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    ABSTRACT: Dominant mutations in coding regions of the surfactant protein-C gene, SFTPC, cause respiratory distress syndrome (RDS) in infants. However, the contribution of variants in noncoding regions of SFTPC to pulmonary phenotypes is unknown. By using a case-control group of infants > or =34 weeks gestation (n = 538), we used complete resequencing of SFTPC and its promoter, genotyping, and logistic regression to identify 80 single nucleotide polymorphisms (SNPs). Three promoter SNPs were statistically associated with neonatal RDS among European descent infants. To assess the transcriptional effects of these three promoter SNPs, we selectively mutated the SFTPC promoter and performed transient transfection using MLE-15 cells and a firefly luciferase reporter vector. Each promoter SNP decreased SFTPC transcription. The combination of two variants in high linkage dysequilibrium also decreased SFTPC transcription. In silico evaluation of transcription factor binding demonstrated that the rare allele at g.-1167 disrupts a SOX (SRY-related high mobility group box) consensus motif and introduces a GATA-1 site, at g.-2385 removes a MZF-1 (myeloid zinc finger) binding site, and at g.-1647 removes a potential methylation site. This combined statistical, in vitro, and in silico approach suggests that reduced SFTPC transcription contributes to the genetic risk for neonatal RDS in developmentally susceptible infants.
    Pediatric Research 09/2010; 68(3):216-20. · 2.67 Impact Factor
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    ABSTRACT: We describe a method to measure protein synthesis and catabolism in humans without prior purification and use the method to measure the turnover of surfactant protein-B (SP-B). SP-B, a lung-specific, hydrophobic protein essential for fetal-neonatal respiratory transition, is present in only picomolar quantities in tracheal aspirate samples and difficult to isolate for dynamic turnover studies using traditional in vivo tracer techniques. Using infusion of [5,5,5-(2)H(3)] leucine and a targeted proteomics method, we measured both the quantity and kinetics of SP-B tryptic peptides in tracheal aspirate samples of symptomatic newborn infants. The fractional synthetic rate (FSR) of SP-B measured using the most abundant proteolytic fragment, a 10 amino acid peptide from the carboxy-terminus of proSP-B (SPTGEWLPR), from the circulating leucine pool was 0.035 +/- 0.005 h(-1), and the fractional catabolic rate was 0.044 +/- 0.003 h(-1). This technique permits high-throughput and sensitive measurement of turnover of low abundance proteins with minimal sample preparation.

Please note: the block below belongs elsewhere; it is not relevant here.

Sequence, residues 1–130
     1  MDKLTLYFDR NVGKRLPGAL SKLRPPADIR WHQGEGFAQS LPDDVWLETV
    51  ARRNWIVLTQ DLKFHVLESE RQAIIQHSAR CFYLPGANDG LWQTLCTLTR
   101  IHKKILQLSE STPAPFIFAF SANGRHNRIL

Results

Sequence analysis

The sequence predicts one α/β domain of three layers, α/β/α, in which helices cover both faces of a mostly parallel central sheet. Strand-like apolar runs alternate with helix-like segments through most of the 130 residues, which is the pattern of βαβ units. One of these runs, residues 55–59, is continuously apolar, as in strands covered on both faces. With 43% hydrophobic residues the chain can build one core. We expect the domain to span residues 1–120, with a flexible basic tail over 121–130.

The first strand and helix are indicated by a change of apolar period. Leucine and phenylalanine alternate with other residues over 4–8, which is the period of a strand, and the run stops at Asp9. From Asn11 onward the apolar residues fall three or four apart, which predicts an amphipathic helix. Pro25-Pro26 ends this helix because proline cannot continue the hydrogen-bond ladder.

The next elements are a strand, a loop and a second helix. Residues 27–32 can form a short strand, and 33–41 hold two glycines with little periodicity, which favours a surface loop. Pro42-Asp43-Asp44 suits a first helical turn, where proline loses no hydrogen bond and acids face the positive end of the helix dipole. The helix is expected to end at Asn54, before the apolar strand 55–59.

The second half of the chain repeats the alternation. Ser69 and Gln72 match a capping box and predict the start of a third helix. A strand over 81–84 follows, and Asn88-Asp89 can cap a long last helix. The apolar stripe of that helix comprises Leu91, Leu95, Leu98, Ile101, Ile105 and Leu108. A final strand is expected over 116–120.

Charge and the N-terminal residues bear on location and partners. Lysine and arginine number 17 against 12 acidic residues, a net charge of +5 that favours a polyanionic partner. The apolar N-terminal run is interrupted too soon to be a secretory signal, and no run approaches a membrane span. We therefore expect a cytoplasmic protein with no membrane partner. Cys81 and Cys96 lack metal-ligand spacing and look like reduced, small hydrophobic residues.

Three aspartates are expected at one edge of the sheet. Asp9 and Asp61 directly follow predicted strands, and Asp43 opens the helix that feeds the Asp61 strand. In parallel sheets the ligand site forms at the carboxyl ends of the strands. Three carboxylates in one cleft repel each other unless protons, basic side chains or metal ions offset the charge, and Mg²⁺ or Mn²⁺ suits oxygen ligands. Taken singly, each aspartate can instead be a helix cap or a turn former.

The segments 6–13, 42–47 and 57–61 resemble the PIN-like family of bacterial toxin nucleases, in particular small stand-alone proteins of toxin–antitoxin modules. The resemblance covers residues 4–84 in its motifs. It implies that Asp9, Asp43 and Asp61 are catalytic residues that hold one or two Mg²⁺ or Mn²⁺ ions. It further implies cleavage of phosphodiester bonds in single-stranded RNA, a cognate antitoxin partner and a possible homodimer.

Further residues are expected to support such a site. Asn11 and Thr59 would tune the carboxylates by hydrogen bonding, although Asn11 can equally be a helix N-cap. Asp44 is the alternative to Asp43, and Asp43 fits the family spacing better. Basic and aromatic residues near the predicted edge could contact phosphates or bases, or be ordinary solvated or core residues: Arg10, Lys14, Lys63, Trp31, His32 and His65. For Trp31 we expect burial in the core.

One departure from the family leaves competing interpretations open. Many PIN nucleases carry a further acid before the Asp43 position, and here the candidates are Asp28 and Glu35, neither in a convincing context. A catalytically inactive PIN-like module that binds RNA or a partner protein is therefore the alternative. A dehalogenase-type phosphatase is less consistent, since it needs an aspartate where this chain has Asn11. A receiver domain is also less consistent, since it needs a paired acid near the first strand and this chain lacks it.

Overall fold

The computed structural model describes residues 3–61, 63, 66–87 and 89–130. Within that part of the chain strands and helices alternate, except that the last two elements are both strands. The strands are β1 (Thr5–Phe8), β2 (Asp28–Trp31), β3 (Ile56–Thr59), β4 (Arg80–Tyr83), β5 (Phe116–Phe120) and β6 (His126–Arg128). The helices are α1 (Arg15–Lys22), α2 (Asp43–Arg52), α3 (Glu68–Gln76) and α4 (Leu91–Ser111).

Analytical Chemistry 02/2010; 82(6):2561-7. · 5.70 Impact Factor

Publication Stats

803 Citations
288.49 Total Impact Points

Institutions

  • 1994–2014
    • Washington University in St. Louis
      • • Department of Genetics
      • • Department of Pediatrics
      • • Division of Biostatistics
      San Luis, Missouri, United States
  • 2012
    • Johns Hopkins University
      • Department of Pediatrics
      Baltimore, MD, United States
  • 1993–2011
    • University of Washington Seattle
      • Department of Pediatrics
      Seattle, WA, United States
  • 2009
    • BJC HealthCare
      Saint Louis, Michigan, United States
  • 2007
    • University of Oslo
      • Department of Paediatrics
      Oslo, Oslo, Norway
  • 2006
    • University of Texas Southwestern Medical Center
      • Department of Pediatrics
      Dallas, TX, United States